Time is ticking away

Making inroads into our rising carbon emissions means real, physical action by government, starting now if not earlier, as part of an over-arching climate policy — something our political leaders don’t appear to understand. [9 October 2007 | Peter Boyer]

Voices from the past
1988    Margaret Thatcher (British Prime Minister): “It is possible that with all these enormous changes (population, agricultural, use of fossil fuels) … we have unwittingly begun a massive experiment with the system of this planet itself”
1992    United Nations Framework Convention on Climate Change: “Human activities have been substantially increasing the atmospheric concentrations of greenhouse gases… [which] will result [in] warming of the Earth’s surface and atmosphere and may adversely affect natural ecosystems and humankind.”
1997    John Howard (Australian Prime Minister): “The outcome of the Climate Change Conference in Kyoto represents a splendid result… that Australia joins in very enthusiastically. For the first time we have an agreement amongst the developed countries to bring about a reduction in greenhouse gas emissions.”

More than 30 years ago, a leading American physicist named Amory Lovins wrote in a prestigious US journal that an increasing reliance on coal-burning to produce energy would put the planet in danger “early in the next century”.

Significant rises in the concentration of atmospheric carbon dioxide, he wrote in 1976, would lead to the prospect “then or soon thereafter of substantial and perhaps irreversible changes in global climate. Only the exact date of such changes is in question.”

Australia’s coalminers knew there was a problem with coal-burning when, in the lead-up to the 1997 Kyoto climate negotiations, they said that viable technology to produce “clean coal” was ten years away. They’re still saying it.

If you go to the Australian Coal Association’s website you’ll find descriptions of about half a dozen technologies to produce clean coal. Nowhere can we see “breakthrough” technology in operation. Worse – there isn’t even the promise of any such deployment any time soon.

Playing for time, the fossil fuel industry has put only a small proportion of its record profits into research into clean coal technology while gladly accepting significant government support for this research. Who are the suckers?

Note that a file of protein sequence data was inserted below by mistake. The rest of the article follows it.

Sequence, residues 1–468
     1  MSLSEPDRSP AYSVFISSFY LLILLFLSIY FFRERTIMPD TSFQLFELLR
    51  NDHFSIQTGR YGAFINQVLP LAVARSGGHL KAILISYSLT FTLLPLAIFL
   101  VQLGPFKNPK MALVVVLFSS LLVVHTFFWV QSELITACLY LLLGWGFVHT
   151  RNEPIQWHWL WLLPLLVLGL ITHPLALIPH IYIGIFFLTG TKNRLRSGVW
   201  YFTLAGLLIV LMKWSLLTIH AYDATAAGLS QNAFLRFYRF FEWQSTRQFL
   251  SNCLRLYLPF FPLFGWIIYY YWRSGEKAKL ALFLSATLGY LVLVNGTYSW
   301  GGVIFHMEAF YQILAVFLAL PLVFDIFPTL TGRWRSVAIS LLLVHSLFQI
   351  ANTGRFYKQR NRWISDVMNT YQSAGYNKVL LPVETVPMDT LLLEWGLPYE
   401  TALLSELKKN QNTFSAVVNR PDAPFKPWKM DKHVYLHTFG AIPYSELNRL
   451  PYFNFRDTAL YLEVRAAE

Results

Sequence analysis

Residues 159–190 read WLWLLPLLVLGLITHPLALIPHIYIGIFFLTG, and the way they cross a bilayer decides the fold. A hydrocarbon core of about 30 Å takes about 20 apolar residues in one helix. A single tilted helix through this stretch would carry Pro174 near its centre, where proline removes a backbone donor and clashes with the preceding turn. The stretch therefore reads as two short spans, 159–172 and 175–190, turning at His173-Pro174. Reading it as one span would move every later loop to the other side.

Unfortunately, the Australian coal industry story of denial, delay and diversion is being repeated everywhere we look.

We were told 20 years ago of mounting evidence that growing energy consumption was putting us in peril. In 1992 the Rio Earth Summit made this a global political issue.

By 1997, when the Kyoto Protocol was signed, we were told we had to reduce our emissions significantly by about 2010. A decade on, record-breaking economic growth has seen our emissions increase substantially.

In supporting a growing economy – and population – our governments give no sign that they understand the stark contradiction between their expansionist ideas and a finite planet with a dwindling capacity to support life.

Nor do they seem to appreciate that “now” means now – not some indeterminate future time.

If, like me, you’ve worked in government, you’ve become used to seeing deadlines pass with nary a comment, on the understanding that a promise is a relative thing depending on circumstances – and the pressure applied from other people.

But in tackling climate change, no such luxury is available. It’s not other people that are dictating terms here, but the state of our planet. And as the deadlines pass and the years roll on, the problems keep mounting.

• Southern readers who’d like some local political feedback in this great debate should come to a climate change policy forum in Hobart tomorrow evening. Facilitated by Dr Peter Hay, speakers will include Duncan Kerr MHR, Senator David Bushby and Senator Christine Milne. It’s at 7 pm at the UTAS Centenary Lecture Theatre, Grosvenor Crescent.

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